Bunya Mountains National Park

The Bunya Mountains form an isolated section of the Great Dividing Range lying about 150km from the coast. They rise abruptly form the surrounding country to an average elevation of 975m, reaching over 1100m at Mounts Mowbullan and Kiangarow.


The park can be reached from Toowoomba, Dalby, Kingaroy or Nanango. From Toowoomba, drive 44km to Jondaryan and take the Bunya Mountains turn - off. Travel a further 65km through Maclagan. Some sections of the road are gravel.

>> From Dalby, travel 25km to Kaimkillenbun and then 30km to Bunya Mountains via Yamsion. From Kingaroy, take the raod to Kumbia and the Bunya Mountains. The park is 56km from Kingaroy via this route.

>> From Nanango, take the road to Maidenwell and turn right. This 55km route is gravel in parts.

All routes to the Bunya Mountains are steep; caravans and trailers are not recommended. No fuel is available on the mountain.


The Bunya Mountains are home to many species of birds. Brilliantly coloured king parrots and crimson rosellas are commonly seen around the picnic areas.

Red-necked wallabies often feed in grassy area. Swamp wallabies and red-necked pademelons prefer the cover of the rainforest but can be seen along the rad edge.

Spotlighting at night may reveal many animals, including the mountain brushtail possum and the smaller Bunya Mountains ringtail possum.


Camping: National Park camping areas are located at Dandabah, Westcott and Burtons Well. Dandabah has toilets and hot showers. Westcott has pit toilets and no showers.

Westcott has pit toilets and no showers. Burtons Well has toilets and bush 'boil your own water' showers.

For school holidays and long weekends, a booking should be made up to 12 months in advance. To make a booking, write or telephone the Ranger to obtain a camping permit by payment of the appropriate fee. If an advanced booking has not been made, a permit to camp must be obtained prior to camping. If vacancies exist, obtain a permit from the office (between 2pm and 4pm daily) or from the self-registration station at the camping area.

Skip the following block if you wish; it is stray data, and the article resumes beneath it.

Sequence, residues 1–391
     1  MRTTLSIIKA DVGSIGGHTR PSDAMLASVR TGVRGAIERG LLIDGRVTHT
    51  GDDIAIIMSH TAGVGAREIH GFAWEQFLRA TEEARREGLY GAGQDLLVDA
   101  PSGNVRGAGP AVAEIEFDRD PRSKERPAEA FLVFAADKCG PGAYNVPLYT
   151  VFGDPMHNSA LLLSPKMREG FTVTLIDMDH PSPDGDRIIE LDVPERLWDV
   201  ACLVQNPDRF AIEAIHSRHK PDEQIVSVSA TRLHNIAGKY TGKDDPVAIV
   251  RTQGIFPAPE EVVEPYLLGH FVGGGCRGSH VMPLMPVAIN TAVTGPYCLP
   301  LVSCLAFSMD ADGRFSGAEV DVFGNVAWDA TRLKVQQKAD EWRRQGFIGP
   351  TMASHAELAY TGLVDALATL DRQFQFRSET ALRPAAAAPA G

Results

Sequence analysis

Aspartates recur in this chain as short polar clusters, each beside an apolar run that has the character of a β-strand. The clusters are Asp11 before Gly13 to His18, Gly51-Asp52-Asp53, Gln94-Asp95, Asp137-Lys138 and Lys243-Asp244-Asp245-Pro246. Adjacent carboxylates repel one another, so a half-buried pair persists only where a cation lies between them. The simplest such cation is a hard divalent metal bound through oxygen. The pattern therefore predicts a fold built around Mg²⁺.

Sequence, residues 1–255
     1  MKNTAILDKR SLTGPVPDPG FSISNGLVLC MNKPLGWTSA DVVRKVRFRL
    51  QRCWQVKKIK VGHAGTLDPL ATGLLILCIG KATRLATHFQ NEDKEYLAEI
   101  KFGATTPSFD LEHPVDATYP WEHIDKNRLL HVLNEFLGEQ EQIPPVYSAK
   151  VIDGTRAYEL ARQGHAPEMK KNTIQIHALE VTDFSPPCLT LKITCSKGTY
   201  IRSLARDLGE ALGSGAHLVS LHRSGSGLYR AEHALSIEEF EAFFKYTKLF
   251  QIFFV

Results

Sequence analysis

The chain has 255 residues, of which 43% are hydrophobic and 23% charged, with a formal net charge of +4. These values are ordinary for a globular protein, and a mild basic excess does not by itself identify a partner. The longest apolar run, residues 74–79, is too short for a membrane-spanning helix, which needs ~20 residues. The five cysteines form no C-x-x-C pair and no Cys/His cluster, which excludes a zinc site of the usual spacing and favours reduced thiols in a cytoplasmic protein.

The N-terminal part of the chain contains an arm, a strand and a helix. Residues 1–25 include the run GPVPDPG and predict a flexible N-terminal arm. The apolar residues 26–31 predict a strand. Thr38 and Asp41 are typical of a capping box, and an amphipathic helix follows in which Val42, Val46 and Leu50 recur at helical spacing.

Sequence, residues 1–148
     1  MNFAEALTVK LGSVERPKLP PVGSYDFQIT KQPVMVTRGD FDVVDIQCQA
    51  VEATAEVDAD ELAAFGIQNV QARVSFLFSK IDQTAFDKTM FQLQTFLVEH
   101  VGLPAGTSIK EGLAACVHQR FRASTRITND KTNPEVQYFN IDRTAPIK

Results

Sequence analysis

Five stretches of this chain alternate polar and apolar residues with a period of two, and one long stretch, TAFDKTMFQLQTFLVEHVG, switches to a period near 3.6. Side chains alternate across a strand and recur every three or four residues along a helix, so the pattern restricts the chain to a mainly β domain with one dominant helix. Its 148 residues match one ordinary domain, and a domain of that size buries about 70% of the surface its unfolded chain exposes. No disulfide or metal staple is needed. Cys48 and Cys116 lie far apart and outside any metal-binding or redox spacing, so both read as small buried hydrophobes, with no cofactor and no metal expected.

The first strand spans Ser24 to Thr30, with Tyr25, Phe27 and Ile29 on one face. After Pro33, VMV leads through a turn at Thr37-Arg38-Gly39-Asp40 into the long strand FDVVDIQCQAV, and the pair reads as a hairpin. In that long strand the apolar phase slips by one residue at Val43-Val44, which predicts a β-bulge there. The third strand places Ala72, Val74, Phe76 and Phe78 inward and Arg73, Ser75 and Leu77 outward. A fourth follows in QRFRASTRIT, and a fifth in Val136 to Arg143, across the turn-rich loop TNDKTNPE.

Walking Tracks

An extensive system of walking tracks offers a range of walks from a 500m introductory stroll to a 10km hike. Visit the Information Centre to obtain a more detailed guide to walking tracks. Take care near stinging nettles and giant stinging trees.


Dandabah picnic area has electric barbecues. Westcott and Burton's Well picnic areas have fireplaces with firewood supplied; please use it sparingly. Bring your own kindling or fuel stoves, particularly during wet weather.

Ranger-led activities may be held during school holidays or on busy weekends. Visit the Information Centre to obtain a guide to activities. Members of the Bunya Mountains Natural History Association voluntarily assist the Rangers in providing activities for park visitors. Inquire at the NHA headquarters 'Cedarvale', located at Dandabah.

(07) 4163 8223 between 8.30am and 5pm weekdays.

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About every three years, Aboriginal people gathered at the Bunya Mountains for tribal ceremonies, hunting, feasting, mock fighting and corroborees. There visits coincided with heavy crops of bunya pine cones. From the 1960's timber cutters established sawmills to harvest the timber wialth of the Bunyas. The last sawmill on the mountain closed in 1945. In 1908, 9303 hectares were gazetted as the Bunya Mountains National Park, the second national park in Queensland. The park now covers 11 700 hectares.


The distinctive, dome-shaped crown of the bunya pine emerges above the tall, moist rainforest along the crest of the range. In dry rainforest at the lower elevations, bunya pine is replaced by its relative, the hoop pine. Natural grassland 'balds' containing a number of rare grass species adjoin the rainforest. These probably formed during a cooler and drier climatic period which caused the forests to retreat, allowing the grasses to take over. The national park also protects open eucalypt forests, woodlands and other dry rainforest communities. Vine thickets dominated by bottle trees or brigalow and belah can be found on western slopes.


Bunya Mountains National Park has a mild climate with an annual rainfall of approximately 1050mm. Temperatures range between freezing and 30 C. Early morning and evening temperatures may be quite low so be prepared with warm clothing, even in summer.

For further information and campsite bookings:

Bunya Mountains National Park Information Centre Bunya Avenue Dandabah

Write or telephone: The Ranger Bunya Mountains National Park
MS 501 DALBY QLD 4405 (07) 4668 3127 between 2pm and 4pm daily.
Queensland Department Of Environment - PO Box 731 TOOWOOMBA QLD 4350
(07) 4639 4599 between 8.30am and 5.00pm weekdays.

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